Unlimited. Most people would interpret that as no limits. Hell, Dictionary.com defines unlimited as “not limited; unrestricted; unconfined; boundless; infinite; vast; without any qualification or exception; unconditional”.
Guess the big shots at wireless carriers don’t have a dictionary sitting on the bookshelf in their corner offices …
I have been a loyal AT&T customer since 2008 when I bought my first real smartphone, the iPhone 3G (unless you count my awful Blackberry Curve a real smartphone). At the time I, like everyone else, was on an unlimited data plan for $30 a month. In 2008, unlimited was unlimited, boundless, unconfined, and unrestricted. Since then I have gone through three more iPhones, and all that time laughed at all the suckers who got their iPhones late with their capped data plans.
Looks like I’m the sucker now …
Last month I got the infamous text and email from AT&T, warning me my data usage was “in the top 5% of users in my market”. That’s if you count 2.2 whopping gigabytes of data a lot. I was, and still am, appalled. How in the hell am I in the top 5% with 2.2 GB of data? Where’s the proof? What was the cutoff for the “top 5%”? Define my “market”. None of this nobody at AT&T can answer, let alone would if they could.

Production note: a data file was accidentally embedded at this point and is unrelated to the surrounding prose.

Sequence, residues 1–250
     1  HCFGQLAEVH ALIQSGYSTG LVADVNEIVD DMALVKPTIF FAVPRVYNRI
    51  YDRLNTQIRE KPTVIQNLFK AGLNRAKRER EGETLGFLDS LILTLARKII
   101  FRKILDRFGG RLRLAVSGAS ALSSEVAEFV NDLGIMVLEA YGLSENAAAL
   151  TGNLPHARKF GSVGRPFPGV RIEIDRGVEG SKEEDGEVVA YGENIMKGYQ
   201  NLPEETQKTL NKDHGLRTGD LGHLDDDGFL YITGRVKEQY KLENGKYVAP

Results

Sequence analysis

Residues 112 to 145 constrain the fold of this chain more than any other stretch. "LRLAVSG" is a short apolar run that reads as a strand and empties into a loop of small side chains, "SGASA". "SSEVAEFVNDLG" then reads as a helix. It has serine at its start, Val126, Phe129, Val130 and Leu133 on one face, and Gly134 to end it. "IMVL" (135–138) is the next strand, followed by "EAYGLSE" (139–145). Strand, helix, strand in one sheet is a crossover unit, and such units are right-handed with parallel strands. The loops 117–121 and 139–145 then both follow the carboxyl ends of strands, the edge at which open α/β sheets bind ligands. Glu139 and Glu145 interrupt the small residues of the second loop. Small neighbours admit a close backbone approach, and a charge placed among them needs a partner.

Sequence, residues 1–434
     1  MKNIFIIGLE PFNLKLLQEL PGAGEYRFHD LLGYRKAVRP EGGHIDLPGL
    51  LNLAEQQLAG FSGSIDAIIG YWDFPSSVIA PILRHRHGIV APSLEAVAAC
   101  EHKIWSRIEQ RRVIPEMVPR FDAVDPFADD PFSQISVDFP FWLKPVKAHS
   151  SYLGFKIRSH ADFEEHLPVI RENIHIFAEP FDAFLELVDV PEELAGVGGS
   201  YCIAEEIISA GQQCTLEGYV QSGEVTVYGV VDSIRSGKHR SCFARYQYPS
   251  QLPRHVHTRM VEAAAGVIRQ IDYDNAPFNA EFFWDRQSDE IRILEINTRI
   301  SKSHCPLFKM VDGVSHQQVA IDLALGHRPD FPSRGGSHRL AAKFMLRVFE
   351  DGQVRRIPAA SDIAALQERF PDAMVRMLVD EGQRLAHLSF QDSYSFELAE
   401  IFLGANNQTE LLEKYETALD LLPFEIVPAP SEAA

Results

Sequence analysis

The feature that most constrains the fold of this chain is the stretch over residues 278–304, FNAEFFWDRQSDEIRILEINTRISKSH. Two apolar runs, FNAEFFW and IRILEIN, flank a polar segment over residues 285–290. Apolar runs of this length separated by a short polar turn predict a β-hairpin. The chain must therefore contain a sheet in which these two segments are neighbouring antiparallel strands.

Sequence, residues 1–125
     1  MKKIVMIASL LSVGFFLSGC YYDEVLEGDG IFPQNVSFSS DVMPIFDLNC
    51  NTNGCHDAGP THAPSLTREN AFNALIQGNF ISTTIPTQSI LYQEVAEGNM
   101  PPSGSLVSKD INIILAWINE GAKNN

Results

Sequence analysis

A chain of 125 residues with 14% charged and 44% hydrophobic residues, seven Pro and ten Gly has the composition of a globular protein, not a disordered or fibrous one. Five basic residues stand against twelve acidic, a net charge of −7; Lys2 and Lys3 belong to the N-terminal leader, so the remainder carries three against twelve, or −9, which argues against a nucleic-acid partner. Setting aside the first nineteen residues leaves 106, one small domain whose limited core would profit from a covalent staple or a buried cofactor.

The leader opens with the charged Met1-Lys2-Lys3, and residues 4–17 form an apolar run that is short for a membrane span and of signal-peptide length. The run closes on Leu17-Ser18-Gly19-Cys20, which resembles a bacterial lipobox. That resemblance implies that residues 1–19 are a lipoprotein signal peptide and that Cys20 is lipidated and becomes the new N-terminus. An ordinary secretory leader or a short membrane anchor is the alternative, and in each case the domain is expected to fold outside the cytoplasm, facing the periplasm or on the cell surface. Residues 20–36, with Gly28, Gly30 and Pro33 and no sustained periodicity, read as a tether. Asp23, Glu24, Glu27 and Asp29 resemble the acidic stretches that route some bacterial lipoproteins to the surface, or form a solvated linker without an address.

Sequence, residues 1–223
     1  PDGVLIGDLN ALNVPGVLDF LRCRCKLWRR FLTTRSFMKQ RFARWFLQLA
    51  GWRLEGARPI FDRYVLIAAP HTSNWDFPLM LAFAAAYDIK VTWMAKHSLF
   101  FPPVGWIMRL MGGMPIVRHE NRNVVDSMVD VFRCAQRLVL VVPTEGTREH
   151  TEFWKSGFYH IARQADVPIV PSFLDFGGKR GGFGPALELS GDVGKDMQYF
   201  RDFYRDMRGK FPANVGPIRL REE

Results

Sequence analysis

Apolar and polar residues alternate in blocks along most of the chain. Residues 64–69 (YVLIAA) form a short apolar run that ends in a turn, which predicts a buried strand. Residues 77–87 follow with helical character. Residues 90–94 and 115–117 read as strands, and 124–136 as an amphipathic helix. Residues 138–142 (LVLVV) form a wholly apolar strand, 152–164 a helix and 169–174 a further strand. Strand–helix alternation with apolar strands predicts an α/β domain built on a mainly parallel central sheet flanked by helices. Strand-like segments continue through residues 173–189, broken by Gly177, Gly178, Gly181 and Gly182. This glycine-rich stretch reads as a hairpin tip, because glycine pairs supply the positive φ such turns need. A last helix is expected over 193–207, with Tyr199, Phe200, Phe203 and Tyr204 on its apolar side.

My unlimited plan is just now as welcome as the Millenium Falcon on the AT&T Death Star. They’ll suck me in on their tractor beam of early termination fees only to disable my hyperdrive in my unlimited data plan.
I called AT&T customer service and spoke to a rep who even stated he didn’t understand why I got that text, but in usual fashion only offered me a tiered data plan. After speaking with my local AT&T store rep, I realized that my unlimited plan was dead in the water. It was now my limited unlimited data plan, plain and simple. We and our unlimited data plans will continue to be scrutinized for our usage, and have our data speeds throttled until they break us down, and we give into the dark side of the Force. The wireless carriers say we can keep our unlimited data plans for as long as we want, but that doesn’t mean they can’t make it the biggest pain in the ass for us.
Perhaps it’s time to we give up our dream of a truly unlimited data plan, and realize that we now have two choices in the wireless data world, live in a limited unlimited world of data throttling and stripped out features, or go with the limited unlimited world of a data cap but with all the speed and fixings we all crave.